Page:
As the Mark Twain Branch meets its end, how do we make sure this won’t happen again?

Last night, I attended a meeting in my community about the fate of the Mark Twain Branch Library, the Detroit Public Library branch that served my area on the East Side until the branch closed in 1997. At the time of the closure, residents were told that the library needed a new roof and that it would reopen in two years. Currently, the Mark Twain Branch is famous on the Internet as an abandoned building still containing books and fixtures. After beating around the bush for quite some time, DPL representatives at this meeting stated (in response to an audience member’s direct question) that they intend to demolish the building as soon as they get the requisite permits and take care of matters with utility companies.

Other things I learned at the meeting: The Detroit Public Library targeted this community with mailers to promote a past library millage, which then passed, with the statement that the Mark Twain Branch would be renovated and reopened. There have been a number of failed efforts to make this renovation happen. DPL got a report saying that it would cost $6.9 million to renovate the library. The Detroit Catholic Pastoral Alliance will be building a new commercial building nearby on Gratiot and they would like DPL as a tenant. DPL may or may not keep operating the current Mark Twain Annex that serves the area currently in what was supposed to be a temporary capacity.

DPL’s maintenance crew has to board up the Mark Twain Branch two to three times a week and have dealt with some fairly blatant thieves at the site, but for some reason DPL still has equipment in the building. A lot of my neighbors seemed to want to keep the building, and in general everyone seemed to want clearer communication in the future. Karen Nagher from Preservation Wayne expressed concern as to the quality of demolition DPL will get for the $200,000 they are saying it will cost to tear down that large, solid building. The head of maintenance for DPL sidestepped questions from area residents about whether they would be recycling the materials from the building, to an extent that a simple “We’re not recycling anything” would have been more respectful and a time-saver. DPL says there is asbestos in the building, and I hope the immediate neighbors who asked them questions about it at tonight’s meeting will keep an eye out for dust when that $200,000 demolition goes down.

Another surprise that came out at tonight’s meeting was the fact that the Detroit Public Library has not considered the sale of the Mark Twain Library. This, too, came out in response to an audience member’s question. The ensuing rhetoric centered around the entirely theoretical challenge of finding an appropriate purchaser able to rehab the building for a suitable use. While vetting any potential buyer would be important, it stuck me as a funny for DPL Commissioners to fret about an owner misusing the site when DPL has misused the building so completely.

It is frustrating that years of mismanagement let a damaged roof turn into a teardown. At numerous points along the way, the current serious nuisance situation could have been avoided at much less cost. But this is where we are now: The teardown seems inevitable. Okay, the building is almost gone, that’s where we’re at.

My biggest takeaway from the meeting was that no Detroit Public Library representative present mentioned any sort of plan to prevent this from happening in the future. DPL has announced that instead of the erroneously-calculated closure of as many as 18 library branches, they will instead close around six branches this year. DPL representatives at the meeting were clear that closures will happen. Thus, DPL needs to communicate with communities individually and with Detroit as a whole what their plans are for responsible disposition of the properties or very serious mothballing (i.e. not another Mark Twain Branch). They also need to make a plan for the books and equipment that they will not move to other branches, and then they need to follow through.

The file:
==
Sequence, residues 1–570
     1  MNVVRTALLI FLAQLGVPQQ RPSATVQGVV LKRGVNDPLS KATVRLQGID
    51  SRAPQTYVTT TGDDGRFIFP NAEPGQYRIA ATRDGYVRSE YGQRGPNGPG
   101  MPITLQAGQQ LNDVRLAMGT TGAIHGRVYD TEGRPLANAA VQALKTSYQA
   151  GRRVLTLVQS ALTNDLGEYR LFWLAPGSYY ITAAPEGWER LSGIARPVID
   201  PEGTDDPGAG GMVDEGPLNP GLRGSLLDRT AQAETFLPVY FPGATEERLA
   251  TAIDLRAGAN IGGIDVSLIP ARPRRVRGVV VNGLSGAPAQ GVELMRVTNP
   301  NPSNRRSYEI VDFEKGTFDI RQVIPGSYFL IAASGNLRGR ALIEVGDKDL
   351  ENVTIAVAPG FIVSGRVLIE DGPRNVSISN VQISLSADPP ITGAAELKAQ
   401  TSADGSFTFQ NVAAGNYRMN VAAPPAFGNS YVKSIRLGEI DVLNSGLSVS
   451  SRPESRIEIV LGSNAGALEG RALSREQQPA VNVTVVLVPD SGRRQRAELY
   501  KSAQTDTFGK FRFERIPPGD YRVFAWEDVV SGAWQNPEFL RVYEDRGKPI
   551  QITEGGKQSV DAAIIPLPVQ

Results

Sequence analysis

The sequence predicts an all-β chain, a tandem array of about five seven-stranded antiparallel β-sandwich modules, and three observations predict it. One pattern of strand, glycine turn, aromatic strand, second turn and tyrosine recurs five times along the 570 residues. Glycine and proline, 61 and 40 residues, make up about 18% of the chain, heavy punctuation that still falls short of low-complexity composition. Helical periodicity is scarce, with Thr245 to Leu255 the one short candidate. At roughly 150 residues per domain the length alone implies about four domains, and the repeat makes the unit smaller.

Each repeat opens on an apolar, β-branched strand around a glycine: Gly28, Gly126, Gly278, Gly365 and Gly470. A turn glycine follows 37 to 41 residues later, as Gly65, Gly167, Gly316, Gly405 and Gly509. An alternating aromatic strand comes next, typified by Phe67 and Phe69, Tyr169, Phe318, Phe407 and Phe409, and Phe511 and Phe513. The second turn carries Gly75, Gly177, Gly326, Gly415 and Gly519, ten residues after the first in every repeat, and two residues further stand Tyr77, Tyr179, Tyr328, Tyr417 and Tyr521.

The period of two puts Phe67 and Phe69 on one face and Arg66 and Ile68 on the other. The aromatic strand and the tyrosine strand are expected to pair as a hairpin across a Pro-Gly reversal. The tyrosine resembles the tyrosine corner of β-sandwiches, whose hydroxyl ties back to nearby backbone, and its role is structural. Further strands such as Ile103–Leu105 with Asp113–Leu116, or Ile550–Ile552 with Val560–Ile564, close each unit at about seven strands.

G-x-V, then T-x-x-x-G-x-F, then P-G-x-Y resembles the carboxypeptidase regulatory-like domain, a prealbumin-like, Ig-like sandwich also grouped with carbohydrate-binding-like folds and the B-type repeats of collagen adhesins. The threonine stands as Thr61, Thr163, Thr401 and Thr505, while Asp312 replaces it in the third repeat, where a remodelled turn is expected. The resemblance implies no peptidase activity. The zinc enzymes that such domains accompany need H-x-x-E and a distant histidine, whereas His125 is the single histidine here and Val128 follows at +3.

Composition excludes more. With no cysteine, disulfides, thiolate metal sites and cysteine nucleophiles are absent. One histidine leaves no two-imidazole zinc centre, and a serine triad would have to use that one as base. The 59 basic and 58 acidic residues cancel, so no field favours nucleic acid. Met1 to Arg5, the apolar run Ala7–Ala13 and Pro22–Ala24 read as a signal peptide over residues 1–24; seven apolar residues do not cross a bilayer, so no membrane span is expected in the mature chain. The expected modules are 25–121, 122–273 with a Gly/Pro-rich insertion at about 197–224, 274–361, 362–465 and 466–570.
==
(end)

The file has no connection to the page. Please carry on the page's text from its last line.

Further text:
DPL Executive Director Jo Anne Mondowney responded to a neighbor’s question about the left-behind books by stating that nobody could use the books that were left in the Mark Twain Branch. With all due respect, that’s simply not true. An audience member promptly responded out loud that she would have used some of the books. Thinking in practical terms, there are a bevy of organizations, local and national, which are glad to take books before they get covered in plaster dust, and this was much more than a handful of books left behind. If it’s too much work to contact a few separate organizations, wonderfully green Better World Books will pay shipping for book donations and then resell or recycle the books themselves. One large library where I worked in the past did a great deal of deaccessioning due to a lack of offsite storage, and Better World even provided numerous boxes for us to ship the books in for free on a regular basis. All we had to do was put the books into the boxes and tape on shipping labels. Heck, just a well-flyered and -bannered free book giveaway in the neighborhood would be better than another locking-up of so many books in a defunct building–this is Detroit and people are hungry for knowledge. In a city where the mismanagement of public dollars and moreover the perception thereof are a huge problem, wasting resources to this serious a degree and in such a visually arresting manner is not a PR slip that DPL should repeat.

One Mark Twain Branch has been a real loss. We don’t need six more. What has happened with the Mark Twain Branch has been a shame, but the Detroit Public Library can commit to taking a course of action with its coming closures that prevents this from happening again. Here’s hoping.